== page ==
What is a k-log?. Some people are taking the concept of weblogs and applying it to the wider concept of knowledge management. The result is k-logging ("knowledge-logging"). But will it catch on - will your employer dump Lotus Notes databases in favour of browsers and blog-style brain-dumps? [WriteTheWeb]

I've posted this interview with John Robb before, but it remains an excellent introduction to the notion of a k-log.

[McGee's Musings]

» Definitely worth a re-printing.   And it's worth reading the comments to Johns interview as well for some interesting commentary.

 

12/07/2002 18:52 by Matt Mower | Permalink | comments:
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Process logging?

Brett Morgan is talking about KM and blogging integration (k-logging) being the next wave of tools.   You bet.  Or rather I bet.  I'm betting the farm on it.

Here's a thing...  How about process-logging.

Every workflow process produces an RSS output stream commenting on the state of the process and events that occur.  If you're interested in how the process is going you subscribe.

Are any of the open source workflow packages looking at RSS integration?

 

12/07/2002 18:38 by Matt Mower | Permalink | comments:
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Budgeting is good for the soul

Budgeting is good for the soul..

Budgeting is good for the soul.

Bad VC market a good time to start a company:. "...while capital is scarce and returns on venture investments have never been poorer, the track record from previous downturns suggests that conditions for building a solid start-up may be the best they have been in years." [evhead]

Hey Mike, maybe doing the company thing isn't so stupid after all. You learn how to run a company on a tight budget! :) [Brett Morgan's Insanity Weblog]

True enough mate, true enough.

[rebelutionary]

» Well this is better news!

 

12/07/2002 13:19 by Matt Mower | Permalink | comments:
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Atlas says "Goodbye world, hello Tequila!"

Today I'm accepting something important.

I cannot cope.

I am now subscribed to 37 news sources.  I add about one new source a week.  Each of these is easily capable of delivering at least one or two items each day that are really interesting to me.  That I want to talk about.  But I cannot absorb this quanitity of new information even on a good day.  There is no time to reflect, to mull, to doze on it.

So I have resolved that I don't care.

I won't cope.

I'll let good stuff go by the wayside.

Other people will find it.

Google will keep track of it.

It's all their when the time comes.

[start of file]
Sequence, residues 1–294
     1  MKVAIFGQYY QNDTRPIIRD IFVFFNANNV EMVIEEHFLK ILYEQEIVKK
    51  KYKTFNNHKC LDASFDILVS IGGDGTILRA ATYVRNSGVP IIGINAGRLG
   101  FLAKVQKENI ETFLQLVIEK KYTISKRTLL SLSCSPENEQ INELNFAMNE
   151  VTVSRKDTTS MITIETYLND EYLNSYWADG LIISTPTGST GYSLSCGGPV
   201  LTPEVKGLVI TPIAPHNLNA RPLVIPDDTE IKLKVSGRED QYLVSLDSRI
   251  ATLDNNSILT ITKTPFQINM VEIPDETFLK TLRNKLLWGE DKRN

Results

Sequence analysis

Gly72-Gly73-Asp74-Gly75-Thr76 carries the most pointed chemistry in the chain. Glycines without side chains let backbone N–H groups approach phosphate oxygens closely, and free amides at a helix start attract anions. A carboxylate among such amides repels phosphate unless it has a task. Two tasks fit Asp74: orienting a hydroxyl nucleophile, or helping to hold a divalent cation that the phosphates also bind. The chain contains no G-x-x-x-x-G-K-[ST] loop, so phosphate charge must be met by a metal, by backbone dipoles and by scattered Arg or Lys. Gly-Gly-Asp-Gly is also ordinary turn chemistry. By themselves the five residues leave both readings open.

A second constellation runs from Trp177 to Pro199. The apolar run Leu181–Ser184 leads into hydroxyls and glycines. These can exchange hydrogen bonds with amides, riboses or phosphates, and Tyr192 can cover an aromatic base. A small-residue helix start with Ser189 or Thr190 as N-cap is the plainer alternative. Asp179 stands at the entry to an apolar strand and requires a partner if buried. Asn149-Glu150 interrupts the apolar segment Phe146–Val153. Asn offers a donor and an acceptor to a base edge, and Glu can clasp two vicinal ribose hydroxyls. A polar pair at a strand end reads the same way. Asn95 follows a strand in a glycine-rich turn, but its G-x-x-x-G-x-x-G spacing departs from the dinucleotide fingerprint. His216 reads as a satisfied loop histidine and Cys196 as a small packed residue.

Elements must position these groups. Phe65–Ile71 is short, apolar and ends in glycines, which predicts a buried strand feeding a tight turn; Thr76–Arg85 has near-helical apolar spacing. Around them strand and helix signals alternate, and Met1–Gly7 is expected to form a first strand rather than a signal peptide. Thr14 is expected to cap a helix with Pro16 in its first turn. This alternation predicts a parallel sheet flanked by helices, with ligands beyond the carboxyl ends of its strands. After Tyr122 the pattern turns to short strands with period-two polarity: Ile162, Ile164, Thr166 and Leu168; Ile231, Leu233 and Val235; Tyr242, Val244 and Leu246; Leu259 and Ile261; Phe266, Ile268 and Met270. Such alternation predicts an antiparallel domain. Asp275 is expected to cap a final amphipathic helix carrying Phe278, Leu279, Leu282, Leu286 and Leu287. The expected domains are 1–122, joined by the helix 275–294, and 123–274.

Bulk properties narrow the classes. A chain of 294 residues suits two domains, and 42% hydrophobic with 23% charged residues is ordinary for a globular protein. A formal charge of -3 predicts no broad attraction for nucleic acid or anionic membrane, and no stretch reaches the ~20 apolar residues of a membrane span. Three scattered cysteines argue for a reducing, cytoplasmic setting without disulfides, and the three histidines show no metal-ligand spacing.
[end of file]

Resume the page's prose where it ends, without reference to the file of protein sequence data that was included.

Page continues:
I'm not Atlas to the internet.

Even to my own small chunk of it.

There.

I feel better now.

 

12/07/2002 11:05 by Matt Mower | Permalink | comments:

NTL to merge with Telewest

Liberty move on Telewest faces legal challenge. Bondholders baulking... [The Register]

» NTL merging with Telewest.  Sure, that'll be good for competition.

 

11/07/2002 18:43 by Matt Mower | Permalink | comments:
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k-log culture

Can K-Logs Improve Corporate Integrity. Jim McGee on whether or not the process of klogging could expose fundamental problems in business before thay become Enron-like disasters, and whether this quality makes it more or less likely they will take root. [Blunt Force Trauma]

» Is an excellent piece.

I particularly like the idea of the k-log as a barometer of corporate culture.  The absence of k-logging could mean many things, however I would take the presence of a healthy k-logging culture to be an excellent sign.

 

11/07/2002 17:29 by Matt Mower | Permalink | comments:
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Spell checker for IE

A spell checker for IE, but not if you use OS X..

A spell checker for IE, but not if you use OS X. Dave Winer's note about ieSpell being a "free Internet Explorer browser extension that spell checks text input boxes on a webpage" intrigued me enough to check the Web site for the program. Alas, it is a Windows-only add-on for IE...

Still - it sounds like a cool add-on! [Mac Net Journal]

[rebelutionary]

» Rather disappointingly it also doesn't work in the WYSIWYG editor under Win/IE either.   Oh well, at least my titles should never be mis-sperld.

 

11/07/2002 17:24 by Matt Mower | Permalink | comments:
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k-logging is all about...

Damnit!  k-logging is all about e-learning.

» A Gurteenism

 

11/07/2002 12:55 by Matt Mower | Permalink | comments:
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The Tao of Topic Maps

The TAO of Topic Maps. The TAO of Topic Maps introduces topic maps, “a new ISO standard for describing knowledge structures and associating them with information resources.” [Ron Lusk: Ron's K-Logs]

» Wow cool.  More reading for tomorrow!

 

10/07/2002 22:30 by Matt Mower | Permalink | comments:
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Why TrackBack?

More on TrackBack for KM. If Gammel and Mower both think there is something useful in TrackBack who am I to argue? I don't undersand it, but I'm open minded about it. [Blunt Force Trauma]

» I didn't get it at first either, and nor has everyone I've mentioned it to.

What makes TrackBack so important is, I think, the following: